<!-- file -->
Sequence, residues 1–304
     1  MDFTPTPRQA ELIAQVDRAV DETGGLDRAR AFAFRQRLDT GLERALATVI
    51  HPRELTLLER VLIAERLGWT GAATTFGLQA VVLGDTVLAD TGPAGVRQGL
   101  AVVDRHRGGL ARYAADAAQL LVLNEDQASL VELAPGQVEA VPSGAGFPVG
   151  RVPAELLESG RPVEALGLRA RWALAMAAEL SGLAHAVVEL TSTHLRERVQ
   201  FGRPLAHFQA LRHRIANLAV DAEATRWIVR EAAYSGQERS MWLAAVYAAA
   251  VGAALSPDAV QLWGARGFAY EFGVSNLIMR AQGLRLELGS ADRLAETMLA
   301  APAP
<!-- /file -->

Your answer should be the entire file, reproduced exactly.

Sequence, residues 1–304
     1  MDFTPTPRQA ELIAQVDRAV DETGGLDRAR AFAFRQRLDT GLERALATVI
    51  HPRELTLLER VLIAERLGWT GAATTFGLQA VVLGDTVLAD TGPAGVRQGL
   101  AVVDRHRGGL ARYAADAAQL LVLNEDQASL VELAPGQVEA VPSGAGFPVG
   151  RVPAELLESG RPVEALGLRA RWALAMAAEL SGLAHAVVEL TSTHLRERVQ
   201  FGRPLAHFQA LRHRIANLAV DAEATRWIVR EAAYSGQERS MWLAAVYAAA
   251  VGAALSPDAV QLWGARGFAY EFGVSNLIMR AQGLRLELGS ADRLAETMLA
   301  APAP